There is no such thing as a free lunchMilton Friedman
For many retailers, 4th quarter represents up to half of their annual revenue – traditionally with focus on Christmas followed by a discounted January to empty the shelves again. Black Friday has changed all of that – originally a US phenomenon right after Thanksgiving, countries across all continents have embraced the concept, where retailers are dumping prices anywhere between 5% and 90%.
That is some discount – which is interesting because while the supply chain and production variance is costly, then +40% will not buy anything regardless of discount and +50% will only buy if discounted 50-90%. And just like classic airline loyalty programs, a major part of this would have sold anyways, so many are basically giving away money.
Now the business case is on average iffy for the retailers – but as a consumer it is great right? Well, if you are purely buying stuff, you truly need, at a truly discounted price and in a truly high quality, it is great. But is that the case? Lets look at some of the marketing tricks you should be wary about (whether you are a consumer or a retailer).
Firstly, Black Friday is all about creating scarcity – one of our most powerful psychological triggers. There is the scarcity of time (limited time offers – some accelerating this with countdown clocks or early bird offers) and the scarcity of product as many retailers offer exclusivity to certain segments or only stock a limited number of the discounted products to lure you in for a classic game of bait and switch. Either way you are likely to buy stuff you don’t really need, unless you have a clear picture of exactly what you want up front. This approach comes from a method known as committing to core priorities.
Secondly, many retailers before Black Friday hike up their prices to create an artificially large discount – make sure to check prices ideally in a price portal with historical price levels – comparing different futures tend to increase your rationality substantially. As a clue remember if the discount is relative (the percentage saved), then the amount saved is often low – and if mentioned in absolute terms (the amount saved), then the relative is often low. Be sure to read the fine print – as a discount may depend on you opening a credit line. But surely a gift card cannot go wrong? Well +5% of all gift cards are never redeemed, so it is basically free to give you a discount of 5%. All of this is designed around your limited attention span, which is further reduced with fatigue, so make sure to fuel up!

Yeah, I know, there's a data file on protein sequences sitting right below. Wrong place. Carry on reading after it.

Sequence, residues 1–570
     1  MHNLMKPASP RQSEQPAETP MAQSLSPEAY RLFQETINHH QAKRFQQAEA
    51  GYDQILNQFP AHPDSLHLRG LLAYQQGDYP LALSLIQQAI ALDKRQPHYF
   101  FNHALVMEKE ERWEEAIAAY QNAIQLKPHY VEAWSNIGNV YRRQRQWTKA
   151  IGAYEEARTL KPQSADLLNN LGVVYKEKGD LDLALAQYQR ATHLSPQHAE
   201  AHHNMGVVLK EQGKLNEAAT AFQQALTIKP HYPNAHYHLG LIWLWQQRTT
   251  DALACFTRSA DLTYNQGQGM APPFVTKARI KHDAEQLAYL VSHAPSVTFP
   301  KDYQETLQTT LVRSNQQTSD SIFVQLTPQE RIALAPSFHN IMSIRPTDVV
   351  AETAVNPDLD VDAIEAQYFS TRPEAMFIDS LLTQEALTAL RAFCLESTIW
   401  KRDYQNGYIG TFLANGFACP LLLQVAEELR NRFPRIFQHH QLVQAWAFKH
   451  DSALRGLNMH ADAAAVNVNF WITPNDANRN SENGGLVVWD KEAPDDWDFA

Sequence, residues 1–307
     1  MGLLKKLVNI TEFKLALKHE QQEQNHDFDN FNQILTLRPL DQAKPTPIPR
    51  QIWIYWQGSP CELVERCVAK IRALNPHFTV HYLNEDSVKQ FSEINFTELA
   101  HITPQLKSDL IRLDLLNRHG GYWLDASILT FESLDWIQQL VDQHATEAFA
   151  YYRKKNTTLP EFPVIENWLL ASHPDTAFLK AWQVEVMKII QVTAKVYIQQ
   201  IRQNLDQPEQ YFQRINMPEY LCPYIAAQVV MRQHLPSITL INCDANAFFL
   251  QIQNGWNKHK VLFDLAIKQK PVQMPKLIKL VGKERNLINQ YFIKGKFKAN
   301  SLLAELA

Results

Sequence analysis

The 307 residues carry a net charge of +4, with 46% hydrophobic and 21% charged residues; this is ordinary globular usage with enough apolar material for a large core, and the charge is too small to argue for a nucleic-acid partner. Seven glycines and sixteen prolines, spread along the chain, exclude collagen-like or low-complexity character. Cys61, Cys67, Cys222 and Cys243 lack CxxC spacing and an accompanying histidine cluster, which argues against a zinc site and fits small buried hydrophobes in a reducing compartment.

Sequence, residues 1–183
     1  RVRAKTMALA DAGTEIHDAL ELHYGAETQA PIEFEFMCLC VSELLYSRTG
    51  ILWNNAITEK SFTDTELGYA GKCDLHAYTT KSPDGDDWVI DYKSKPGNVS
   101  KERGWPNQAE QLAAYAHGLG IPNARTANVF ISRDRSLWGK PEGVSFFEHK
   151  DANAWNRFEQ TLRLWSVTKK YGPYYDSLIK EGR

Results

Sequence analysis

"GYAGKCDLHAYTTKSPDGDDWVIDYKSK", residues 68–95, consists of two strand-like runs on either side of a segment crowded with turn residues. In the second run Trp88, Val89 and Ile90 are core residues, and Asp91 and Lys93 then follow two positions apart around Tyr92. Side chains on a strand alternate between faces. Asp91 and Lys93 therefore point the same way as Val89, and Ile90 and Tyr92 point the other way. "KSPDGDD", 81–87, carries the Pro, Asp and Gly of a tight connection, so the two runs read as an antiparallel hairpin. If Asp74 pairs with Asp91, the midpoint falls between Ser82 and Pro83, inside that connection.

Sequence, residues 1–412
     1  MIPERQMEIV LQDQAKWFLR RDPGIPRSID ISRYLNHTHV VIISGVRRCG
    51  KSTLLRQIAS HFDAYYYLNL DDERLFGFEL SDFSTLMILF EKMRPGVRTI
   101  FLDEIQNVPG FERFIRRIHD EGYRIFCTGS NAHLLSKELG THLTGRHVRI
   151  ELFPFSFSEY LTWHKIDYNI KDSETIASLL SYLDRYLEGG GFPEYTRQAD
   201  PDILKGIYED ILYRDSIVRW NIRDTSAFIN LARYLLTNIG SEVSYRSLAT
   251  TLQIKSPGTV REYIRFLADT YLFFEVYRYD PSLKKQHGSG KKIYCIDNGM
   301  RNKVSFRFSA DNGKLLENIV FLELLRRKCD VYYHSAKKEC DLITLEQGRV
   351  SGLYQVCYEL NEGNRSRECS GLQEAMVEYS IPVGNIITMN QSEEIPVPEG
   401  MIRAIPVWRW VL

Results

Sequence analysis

Finally, buying something that lasts and thus has lower environmental impact is of course a matter of quality, where some offers look like what you want, sounds like what you want and feel like what you want – but is reality a dumped down version of the TV that you originally dreamed of. In general, it is very difficult for people to assess the quality of a product and thus we go by simple cues. The freshness of the green section of a supermarket, the cleanliness of the car repair shop and of course price. But just as important as quality, the actual utilization is critical. +10% of all Black Friday shoppers do it out of boredom – not out of need. And bundling products for higher sales and average margin will get you stuff that you did not really need and eventually becomes waste. Confirmation bias will be in full overdrive now, so maybe assign a friend to the Devils Advocate role to help you avoid all those plastic trinkets.
Remember the Chinese proverb: “The more you own – the more it owns you”. Make my Christmas and buy only what you truly need by following the simple tricks above (commit to core priorities, compare futures, fuel up and Devils Advocate) – or if you prefer go nuts and make the retailers’ Christmas. It is all up to you – and you are rational decision maker right😉?
If you want to help more customers buy the right things from you, contact brian@behaviouralstrategygroup or +45-23103206